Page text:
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Uncentering the Earth: Copernicus and The Revolutions of the Heavenly Spheres
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Uncentering the Earth: Copernicus and The Revolutions of the Heavenly Spheres (Great Discoveries)

3.15 of 5 stars 3.15  ·  rating details  ·  78 ratings  ·  14 reviews
In 1543, the Polish astronomer Nicolaus Copernicus lay on his deathbed, reportedly holding his just-published masterpiece, The Revolutions of the Heavenly Spheres, in his hands. Placing the sun at the center of the universe, Copernicus launched modern science, leading to a completely new understanding of the universe, and humanity's place within it.


But what did Copernicus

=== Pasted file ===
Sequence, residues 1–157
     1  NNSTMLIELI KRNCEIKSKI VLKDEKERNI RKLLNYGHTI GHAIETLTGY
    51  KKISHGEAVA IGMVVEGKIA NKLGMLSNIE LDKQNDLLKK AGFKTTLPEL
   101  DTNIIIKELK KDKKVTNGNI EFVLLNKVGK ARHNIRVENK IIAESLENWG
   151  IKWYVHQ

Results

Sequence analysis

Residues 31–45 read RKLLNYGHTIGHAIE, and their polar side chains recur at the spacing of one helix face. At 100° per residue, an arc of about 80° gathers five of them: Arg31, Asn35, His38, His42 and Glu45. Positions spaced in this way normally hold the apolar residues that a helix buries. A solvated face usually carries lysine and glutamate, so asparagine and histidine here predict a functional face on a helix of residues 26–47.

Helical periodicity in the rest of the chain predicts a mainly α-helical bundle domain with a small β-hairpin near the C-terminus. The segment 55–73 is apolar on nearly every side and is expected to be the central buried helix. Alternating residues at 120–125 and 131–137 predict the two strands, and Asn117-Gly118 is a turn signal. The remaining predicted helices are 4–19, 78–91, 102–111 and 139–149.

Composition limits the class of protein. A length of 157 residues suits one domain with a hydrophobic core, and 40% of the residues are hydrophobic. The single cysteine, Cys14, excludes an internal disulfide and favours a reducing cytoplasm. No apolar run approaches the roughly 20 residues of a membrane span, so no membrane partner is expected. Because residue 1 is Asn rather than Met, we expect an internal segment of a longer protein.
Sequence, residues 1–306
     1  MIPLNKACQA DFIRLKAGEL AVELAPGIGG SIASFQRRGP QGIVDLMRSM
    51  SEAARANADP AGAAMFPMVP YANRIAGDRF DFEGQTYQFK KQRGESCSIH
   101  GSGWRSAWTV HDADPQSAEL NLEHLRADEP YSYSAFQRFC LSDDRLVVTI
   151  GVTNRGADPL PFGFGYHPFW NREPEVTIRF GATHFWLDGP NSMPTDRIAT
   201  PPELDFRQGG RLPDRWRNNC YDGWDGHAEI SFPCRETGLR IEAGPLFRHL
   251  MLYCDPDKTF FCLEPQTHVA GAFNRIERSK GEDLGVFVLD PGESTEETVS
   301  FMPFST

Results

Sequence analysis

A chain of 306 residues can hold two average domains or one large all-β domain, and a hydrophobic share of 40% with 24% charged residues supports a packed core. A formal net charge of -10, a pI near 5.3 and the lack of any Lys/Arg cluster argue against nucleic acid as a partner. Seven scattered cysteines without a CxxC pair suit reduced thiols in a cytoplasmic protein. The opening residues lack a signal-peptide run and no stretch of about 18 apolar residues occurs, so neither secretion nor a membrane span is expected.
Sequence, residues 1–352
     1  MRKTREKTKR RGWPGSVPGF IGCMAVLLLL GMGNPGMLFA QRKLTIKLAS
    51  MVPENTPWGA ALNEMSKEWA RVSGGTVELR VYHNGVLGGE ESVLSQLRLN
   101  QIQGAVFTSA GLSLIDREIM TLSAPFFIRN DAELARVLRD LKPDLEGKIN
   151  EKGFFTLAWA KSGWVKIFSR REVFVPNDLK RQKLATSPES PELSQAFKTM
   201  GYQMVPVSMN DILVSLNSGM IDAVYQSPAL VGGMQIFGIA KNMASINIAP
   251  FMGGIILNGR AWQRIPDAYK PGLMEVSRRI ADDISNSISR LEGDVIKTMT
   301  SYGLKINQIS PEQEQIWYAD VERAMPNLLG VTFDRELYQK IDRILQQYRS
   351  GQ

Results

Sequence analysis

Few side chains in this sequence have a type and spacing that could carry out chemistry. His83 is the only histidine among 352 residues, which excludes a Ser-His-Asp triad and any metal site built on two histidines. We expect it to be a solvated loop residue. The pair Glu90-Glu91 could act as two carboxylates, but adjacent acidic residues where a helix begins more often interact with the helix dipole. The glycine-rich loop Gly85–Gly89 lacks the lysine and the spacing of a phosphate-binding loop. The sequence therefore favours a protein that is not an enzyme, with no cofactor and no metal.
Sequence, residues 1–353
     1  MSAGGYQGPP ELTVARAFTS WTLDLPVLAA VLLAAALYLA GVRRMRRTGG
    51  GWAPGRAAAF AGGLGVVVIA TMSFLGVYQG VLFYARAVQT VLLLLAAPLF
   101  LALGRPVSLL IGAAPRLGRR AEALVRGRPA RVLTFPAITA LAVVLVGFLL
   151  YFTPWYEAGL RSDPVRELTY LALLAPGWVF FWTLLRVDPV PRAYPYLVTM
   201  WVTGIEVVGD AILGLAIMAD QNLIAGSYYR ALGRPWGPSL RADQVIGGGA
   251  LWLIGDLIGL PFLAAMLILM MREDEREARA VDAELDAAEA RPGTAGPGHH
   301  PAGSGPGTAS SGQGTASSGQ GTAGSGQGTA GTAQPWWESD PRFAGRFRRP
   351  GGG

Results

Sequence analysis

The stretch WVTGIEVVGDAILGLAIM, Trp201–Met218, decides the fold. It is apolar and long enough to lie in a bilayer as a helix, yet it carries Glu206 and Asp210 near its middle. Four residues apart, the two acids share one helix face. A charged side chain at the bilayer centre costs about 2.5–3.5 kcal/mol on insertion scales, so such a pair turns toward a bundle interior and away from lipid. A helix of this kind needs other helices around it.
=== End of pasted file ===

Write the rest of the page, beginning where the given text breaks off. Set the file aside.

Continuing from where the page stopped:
...more
Paperback, 304 pages
Published February 17th 2007 by W. W. Norton & Company (first published January 1st 2006)
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Nathan "N.R." Gaddis

Every damn'd Vollmann angel. Voll=bracht.

 photo vollmann_zpsad916c5e.jpg
Joseph Nicolello
The negative reviews for this one are just outrageous, and each time I find myself sifting through another on this rainy day, I doubt that anyone's reading life is actually enhanced by this site. Vollmann is not to Copernicus as, say, Gabelentz was to the linguistic history of early Chinese emperors, though our dear Vollmann does a great, thorough job - he does the job of a reputable writer, scrupulous researcher, microscopically attentive - forever imitated, never matched. I cannot comprehend h ...more